California NanoSystems Institute
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October 09, 2012

Seth Coe-Sullivan, PhD
Co-founder and Chief Technology Officer
QD Vision
Quantum Dots: Nanomaterials for Lighting and Display Applications

Abstract: Quantum dots (QDs) as downconversion materials have several basic properties that have long made them potentially interesting options for the LED lighting and LCD backlight markets – e.g. they are narrowband emitters with a wide range of color tunability. However, limitations such as stability, high temperature operation, and high flux operation have limited QD applicability, as the cost to benefit ratio or value proposition was not previously compelling enough to drive mainstream product adoption.

Over the past year, significant breakthroughs in stability, efficiency and reliability at higher temperatures, as well as large scale investment in manufacturing capacity have eliminated the main barriers to high volume, mainstream product adoptions of QD materials in display devices. In this presentation, we will update the community on the material performance improvements that have broken through these commercialization barriers, and describe how the materials are transforming a variety of products and product forms.
September 11, 2012

Gunther Springholz
Institut fuer Halbleiter- und Festkoerperphysik
Johannes Kepler Universität
Si/Ge growth on pre-patterned and high-indexed surfaces: From 1D ripples to 3D domes
Si-Ge heteroepitaxy has been an essential model system for growth of self-assembled nanostructures by the Stranski-Krastanow mode. A striking feature of these structures is their highly facetted shape [1] that is governed by the formation of energetically favored facets. Evidently, the different shapes depend not only depend on the Ge coverage and growth condition, but also on the substrate orientation. Therefore, local prepattering as well as control of substrate orientation provides a means for tuning the shapes as well as lateral positions of such nanostructures [2-6].

In this presentation, new results on SiGe growth on patterned and vicinal Si substrates are presented, based on in situ scanning tunneling microscopy studies and theoretical calcula¬tions. By STM the complete surface evolution after individual growth steps is revealed with atomic resolution without breaking UHV conditions [4]. It is demonstrated that the growth evolution on high-indexed surfaces can radically differ from that on the usual Si (001) surface in that due to symmetry breaking 1D nanowires instead of 0D quantum dots are formed. As shown by theoretical calculations, the ripples represent a novel pathway for lowering the total free energy of the system [5,6] and show a reversible behavior during annealing. The in-plane Ge nanowires can be also contacted by electrical leads and quantized transport has been demonstrated [7]. Moreover, by prepattering of the Si substrate, the direction and position of the 1D nanowires can be controlled [8,9].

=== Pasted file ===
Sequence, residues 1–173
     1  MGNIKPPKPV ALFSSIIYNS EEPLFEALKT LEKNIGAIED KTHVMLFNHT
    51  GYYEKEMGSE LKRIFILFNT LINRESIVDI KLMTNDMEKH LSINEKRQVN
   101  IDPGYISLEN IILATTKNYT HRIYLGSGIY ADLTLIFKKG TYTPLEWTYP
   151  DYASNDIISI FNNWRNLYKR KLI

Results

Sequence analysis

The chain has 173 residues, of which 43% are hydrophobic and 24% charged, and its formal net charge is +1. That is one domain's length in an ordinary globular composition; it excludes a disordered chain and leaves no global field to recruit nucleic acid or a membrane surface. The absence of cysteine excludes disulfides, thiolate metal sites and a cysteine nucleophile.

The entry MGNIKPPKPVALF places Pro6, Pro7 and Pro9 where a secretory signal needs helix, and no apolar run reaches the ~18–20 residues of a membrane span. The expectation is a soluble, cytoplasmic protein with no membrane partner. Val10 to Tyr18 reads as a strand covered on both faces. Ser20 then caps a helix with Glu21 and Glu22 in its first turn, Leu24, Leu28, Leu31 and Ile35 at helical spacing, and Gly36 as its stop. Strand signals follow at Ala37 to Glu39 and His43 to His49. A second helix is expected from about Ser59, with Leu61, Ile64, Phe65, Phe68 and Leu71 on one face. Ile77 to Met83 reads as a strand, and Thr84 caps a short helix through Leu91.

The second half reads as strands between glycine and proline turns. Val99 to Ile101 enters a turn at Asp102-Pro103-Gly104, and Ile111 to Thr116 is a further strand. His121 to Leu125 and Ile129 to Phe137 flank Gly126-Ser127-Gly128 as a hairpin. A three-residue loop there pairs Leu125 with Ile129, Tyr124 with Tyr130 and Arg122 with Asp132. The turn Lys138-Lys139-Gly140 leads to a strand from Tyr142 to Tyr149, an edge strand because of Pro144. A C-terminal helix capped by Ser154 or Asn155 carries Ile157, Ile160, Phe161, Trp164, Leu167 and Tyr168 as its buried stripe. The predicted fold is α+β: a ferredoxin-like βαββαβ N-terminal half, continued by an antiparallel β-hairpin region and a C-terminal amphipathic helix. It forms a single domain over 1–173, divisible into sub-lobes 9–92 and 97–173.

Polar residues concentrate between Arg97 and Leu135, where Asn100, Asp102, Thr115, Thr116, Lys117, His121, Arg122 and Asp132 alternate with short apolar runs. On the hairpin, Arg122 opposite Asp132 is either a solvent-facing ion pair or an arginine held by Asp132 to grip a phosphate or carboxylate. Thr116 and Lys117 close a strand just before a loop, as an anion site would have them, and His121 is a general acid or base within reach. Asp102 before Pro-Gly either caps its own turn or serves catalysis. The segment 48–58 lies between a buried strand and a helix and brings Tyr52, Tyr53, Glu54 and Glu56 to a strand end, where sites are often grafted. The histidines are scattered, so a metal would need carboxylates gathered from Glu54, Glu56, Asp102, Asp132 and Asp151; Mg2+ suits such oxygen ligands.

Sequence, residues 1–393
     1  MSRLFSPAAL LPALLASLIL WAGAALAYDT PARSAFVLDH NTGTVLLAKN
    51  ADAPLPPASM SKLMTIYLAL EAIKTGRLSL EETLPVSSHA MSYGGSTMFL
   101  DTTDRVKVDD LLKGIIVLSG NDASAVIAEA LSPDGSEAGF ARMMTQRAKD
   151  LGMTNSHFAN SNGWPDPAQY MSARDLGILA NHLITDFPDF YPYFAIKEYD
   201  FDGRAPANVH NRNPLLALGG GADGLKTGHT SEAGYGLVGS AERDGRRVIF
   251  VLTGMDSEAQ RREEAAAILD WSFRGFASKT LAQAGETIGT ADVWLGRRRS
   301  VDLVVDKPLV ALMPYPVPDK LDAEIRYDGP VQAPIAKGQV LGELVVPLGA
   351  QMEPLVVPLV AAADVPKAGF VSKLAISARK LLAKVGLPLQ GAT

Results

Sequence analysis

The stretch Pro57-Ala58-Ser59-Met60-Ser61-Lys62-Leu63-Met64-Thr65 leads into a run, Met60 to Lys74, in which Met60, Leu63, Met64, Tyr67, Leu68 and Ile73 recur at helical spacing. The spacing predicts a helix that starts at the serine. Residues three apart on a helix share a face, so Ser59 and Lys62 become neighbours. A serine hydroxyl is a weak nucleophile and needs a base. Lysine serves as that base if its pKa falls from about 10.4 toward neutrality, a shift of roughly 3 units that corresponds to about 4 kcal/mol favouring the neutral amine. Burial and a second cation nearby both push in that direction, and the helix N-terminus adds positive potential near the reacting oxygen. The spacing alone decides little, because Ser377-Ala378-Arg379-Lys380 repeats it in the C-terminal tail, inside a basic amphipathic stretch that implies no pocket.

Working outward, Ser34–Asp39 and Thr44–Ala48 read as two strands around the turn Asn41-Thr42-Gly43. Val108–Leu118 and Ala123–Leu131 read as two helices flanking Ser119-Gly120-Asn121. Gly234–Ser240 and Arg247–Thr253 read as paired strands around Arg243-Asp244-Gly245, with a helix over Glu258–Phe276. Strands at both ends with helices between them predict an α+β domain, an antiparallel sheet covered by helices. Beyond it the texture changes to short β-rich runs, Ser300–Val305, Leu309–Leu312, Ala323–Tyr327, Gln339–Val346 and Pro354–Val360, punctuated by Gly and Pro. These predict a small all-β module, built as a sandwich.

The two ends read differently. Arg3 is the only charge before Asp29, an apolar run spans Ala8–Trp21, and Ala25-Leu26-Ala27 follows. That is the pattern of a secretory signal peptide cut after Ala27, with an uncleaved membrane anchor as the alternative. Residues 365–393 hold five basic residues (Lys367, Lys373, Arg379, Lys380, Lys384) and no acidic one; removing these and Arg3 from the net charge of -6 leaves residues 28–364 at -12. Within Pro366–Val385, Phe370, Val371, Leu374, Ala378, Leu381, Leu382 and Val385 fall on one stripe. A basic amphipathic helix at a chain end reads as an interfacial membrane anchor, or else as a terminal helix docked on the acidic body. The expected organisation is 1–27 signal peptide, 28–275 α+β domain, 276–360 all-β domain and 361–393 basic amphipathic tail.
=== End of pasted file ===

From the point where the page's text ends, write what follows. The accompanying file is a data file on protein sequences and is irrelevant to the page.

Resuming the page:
[1] M. Brehm, H. Lichtenberger, T. Fromherz and G. Springholz, Nanoscale Res. Lett. 6, 70 (2011).
[2] J.T. Robinson, A. Rastelli, O. Schmidt and O.D. Dubon, Nanotechnology 20, 085708 (2009.
. [3] G. Chen, H. Lichtenberger, G. Bauer, W. Jantsch, F. Schaeffler, Phys. Rev. B 74, 035302 (2006).
[4] B. Sanduijav, D.G. Matei, G. Chen, G. Springholz, Phys. Rev. B 80, 125329 (2009).
[5] G. Chen, B. Sanduijav, D. Matei, G. Springholz, et al., Phys. Rev. Lett. 108, 055503 (2012).
[6] B. Sanduijav, et al, Phys. Rev. Lett. 109, 025505 (2012).
[7] see, J. J. Zhang et al., Phys. Rev Lett., in print. [7] G. Chen, et al., Appl. Phys. Lett. 98, 023104 (2011).
[8] G. Chen, G. Springholz, W. Jantsch and F. Schäffler, Appl. Phys. Lett. 99, 043103 (2011).